Skeletal muscle is made up of two main types of muscle fibers – slow-twitch and fast twitch muscle fibers. These fibers can be further broken down into subtypes that include type 1 (slow-twitch), type 2A, type 2B, and type 2X. In general, your fast-twitch muscle fibers are the ones you recruit when you need to generate lots of force, or example when you lift a heavy weight. You also call on these fibers when you generate force quickly, for power moves such as plyometric training kettlebell swings, and sprinting. Fast-twitch muscle fibers have a high firing rate, making them ideal for strength and power, but they have a drawback – they fatigue quickly.
In contrast, slow-twitch muscle fibers have a slower firing rate and don’t generate the same degree of force as the fast twitch muscle fibers but they have another advantage. They’re more resistant to fatigue. Long after the fast-twitch muscles are exhausted, the slow-twitch muscles keep firing. That’s an advantage if you’re doing an activity that doesn’t require that you produce a lot of force but one that you do for a longer period of time. For example, slow-twitch fibers are the main fibers you recruit when you jog or lift light weights for a high number of reps. Therefore, slow-twitch muscle fibers are referred to as endurance fibers.
Fast Twitch Muscle Fibers versus Slow-Twitch Muscle fibers
Most people have roughly 50% slow-twitch and 50% fast twitch muscle fibers. People who excel at strength sports or sprinting likely have a ratio of fast-twitch to slow-twitch fibers that’s higher than the average person whereas high-performing marathon runners would likely have a preponderance of slow-twitch fibers. So, genetics have a hand in what your fast-twitch to slow-twitch ratio is and, unfortunately, you can’t convert a slow-twitch fiber to a fast-twitch fiber through training – or can you?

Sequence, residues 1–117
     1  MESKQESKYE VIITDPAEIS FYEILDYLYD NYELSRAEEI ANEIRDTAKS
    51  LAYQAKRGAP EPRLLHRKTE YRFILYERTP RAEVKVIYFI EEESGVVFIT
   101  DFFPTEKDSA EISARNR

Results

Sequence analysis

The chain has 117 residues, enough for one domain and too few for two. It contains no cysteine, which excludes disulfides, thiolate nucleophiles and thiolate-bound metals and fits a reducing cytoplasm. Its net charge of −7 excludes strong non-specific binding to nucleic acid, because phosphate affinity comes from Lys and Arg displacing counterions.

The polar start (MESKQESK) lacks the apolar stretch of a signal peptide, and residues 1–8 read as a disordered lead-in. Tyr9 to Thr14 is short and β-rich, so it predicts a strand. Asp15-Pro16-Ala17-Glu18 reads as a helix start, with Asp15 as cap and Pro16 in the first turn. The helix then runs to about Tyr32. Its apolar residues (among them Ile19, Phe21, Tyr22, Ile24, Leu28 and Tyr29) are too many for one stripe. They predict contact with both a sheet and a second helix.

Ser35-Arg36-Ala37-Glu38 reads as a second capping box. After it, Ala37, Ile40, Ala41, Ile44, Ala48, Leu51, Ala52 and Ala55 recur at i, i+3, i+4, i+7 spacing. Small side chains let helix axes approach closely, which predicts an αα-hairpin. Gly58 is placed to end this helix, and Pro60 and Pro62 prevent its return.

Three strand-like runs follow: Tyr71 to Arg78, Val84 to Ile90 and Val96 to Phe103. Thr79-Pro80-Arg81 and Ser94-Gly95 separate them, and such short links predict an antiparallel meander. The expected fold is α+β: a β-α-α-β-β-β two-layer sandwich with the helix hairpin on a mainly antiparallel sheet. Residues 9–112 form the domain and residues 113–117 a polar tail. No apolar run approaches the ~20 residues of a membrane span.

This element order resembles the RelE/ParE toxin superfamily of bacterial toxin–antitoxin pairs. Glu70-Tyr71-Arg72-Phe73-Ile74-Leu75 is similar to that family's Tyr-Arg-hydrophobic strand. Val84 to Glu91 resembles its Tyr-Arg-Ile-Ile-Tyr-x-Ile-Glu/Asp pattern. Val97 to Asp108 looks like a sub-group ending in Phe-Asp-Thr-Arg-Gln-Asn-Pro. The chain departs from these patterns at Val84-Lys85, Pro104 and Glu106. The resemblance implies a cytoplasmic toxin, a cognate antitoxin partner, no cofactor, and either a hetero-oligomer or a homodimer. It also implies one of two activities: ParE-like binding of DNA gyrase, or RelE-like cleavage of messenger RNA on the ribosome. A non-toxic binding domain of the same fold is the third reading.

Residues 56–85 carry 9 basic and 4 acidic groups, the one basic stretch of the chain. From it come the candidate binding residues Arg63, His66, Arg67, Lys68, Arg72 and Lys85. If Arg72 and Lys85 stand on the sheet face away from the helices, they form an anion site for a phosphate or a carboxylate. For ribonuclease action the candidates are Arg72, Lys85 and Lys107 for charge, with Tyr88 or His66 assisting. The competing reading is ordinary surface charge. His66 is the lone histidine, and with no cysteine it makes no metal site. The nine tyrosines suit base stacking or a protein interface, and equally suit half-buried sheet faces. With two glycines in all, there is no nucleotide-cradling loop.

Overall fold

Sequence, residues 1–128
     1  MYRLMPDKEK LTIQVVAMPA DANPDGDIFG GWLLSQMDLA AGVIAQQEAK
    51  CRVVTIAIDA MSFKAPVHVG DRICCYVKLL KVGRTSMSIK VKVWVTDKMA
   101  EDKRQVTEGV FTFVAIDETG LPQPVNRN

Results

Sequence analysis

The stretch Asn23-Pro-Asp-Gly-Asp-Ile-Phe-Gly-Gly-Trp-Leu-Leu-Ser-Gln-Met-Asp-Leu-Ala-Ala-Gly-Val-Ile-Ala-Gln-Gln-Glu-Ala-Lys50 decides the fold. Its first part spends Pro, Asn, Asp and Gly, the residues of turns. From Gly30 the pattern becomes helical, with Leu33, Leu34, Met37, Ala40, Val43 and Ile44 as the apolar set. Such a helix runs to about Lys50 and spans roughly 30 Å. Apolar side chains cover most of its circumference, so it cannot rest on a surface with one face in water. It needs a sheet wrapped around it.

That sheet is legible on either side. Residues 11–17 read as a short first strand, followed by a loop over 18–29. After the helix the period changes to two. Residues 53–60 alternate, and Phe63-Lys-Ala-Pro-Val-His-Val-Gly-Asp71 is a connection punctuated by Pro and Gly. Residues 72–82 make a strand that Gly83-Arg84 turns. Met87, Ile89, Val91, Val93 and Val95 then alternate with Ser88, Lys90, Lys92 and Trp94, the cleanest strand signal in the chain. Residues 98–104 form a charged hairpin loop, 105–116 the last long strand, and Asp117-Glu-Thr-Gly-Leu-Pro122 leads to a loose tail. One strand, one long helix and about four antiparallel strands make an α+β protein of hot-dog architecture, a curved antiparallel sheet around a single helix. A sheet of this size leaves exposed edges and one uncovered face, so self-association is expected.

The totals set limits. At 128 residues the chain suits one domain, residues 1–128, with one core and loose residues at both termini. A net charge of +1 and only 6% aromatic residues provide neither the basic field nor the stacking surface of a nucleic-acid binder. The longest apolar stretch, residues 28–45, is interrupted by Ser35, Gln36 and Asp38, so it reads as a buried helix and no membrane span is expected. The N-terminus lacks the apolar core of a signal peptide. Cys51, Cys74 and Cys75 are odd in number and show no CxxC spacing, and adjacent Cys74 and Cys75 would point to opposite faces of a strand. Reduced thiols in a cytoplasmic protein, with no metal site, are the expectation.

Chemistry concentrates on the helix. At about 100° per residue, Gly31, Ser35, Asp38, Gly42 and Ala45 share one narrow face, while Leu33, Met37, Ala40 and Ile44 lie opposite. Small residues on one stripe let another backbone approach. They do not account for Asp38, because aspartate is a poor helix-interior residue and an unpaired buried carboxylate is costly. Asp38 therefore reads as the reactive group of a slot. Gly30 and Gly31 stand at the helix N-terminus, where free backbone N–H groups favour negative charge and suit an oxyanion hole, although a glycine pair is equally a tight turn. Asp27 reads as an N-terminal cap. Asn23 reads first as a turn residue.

Remember how we said there are sub-types of fast twitch muscle fibers? One sub-type called type 2A has more endurance capabilities than type 2B, which are the super-force generators. Type 2A has some of the characteristics of both slow-twitch and fast-twitch fibers, even though they’re classified as fast-twitch. Should you need more endurance capabilities, you can convert some of your type 2B fibers to type 2A through training to give you more muscle endurance. For example, if you became a marathon runner and started running long distances, some of your type 2B could convert to 2A to support the type of training you’re doing. What doesn’t seem likely is that you can convert a fast-twitch muscle fiber to a slow-twitch or vice versa.
You can also impact your fast and slow-twitch muscle fibers by how you train. Though you can’t change a slow-twitch fiber to a fast-twitch one, should you focus mainly on strength and power training, your fast twitch muscle fibers will hypertrophy while your slow-twitch fibers will atrophy to some degree. Slow-twitch fibers atrophy by losing some of the mitochondria that give them their endurance capabilities.
Why You Should Focus More Time on Fast-Twitch Training
As people age, they often devote more of their time to workouts that use slow-twitch muscle fibers, like walking, yoga, and lifting lighter weights. That’s not an ideal approach. As you know, you begin losing muscle mass and strength after the age of 30 and this age-related assault on your muscle tissue speeds up after the age of 50.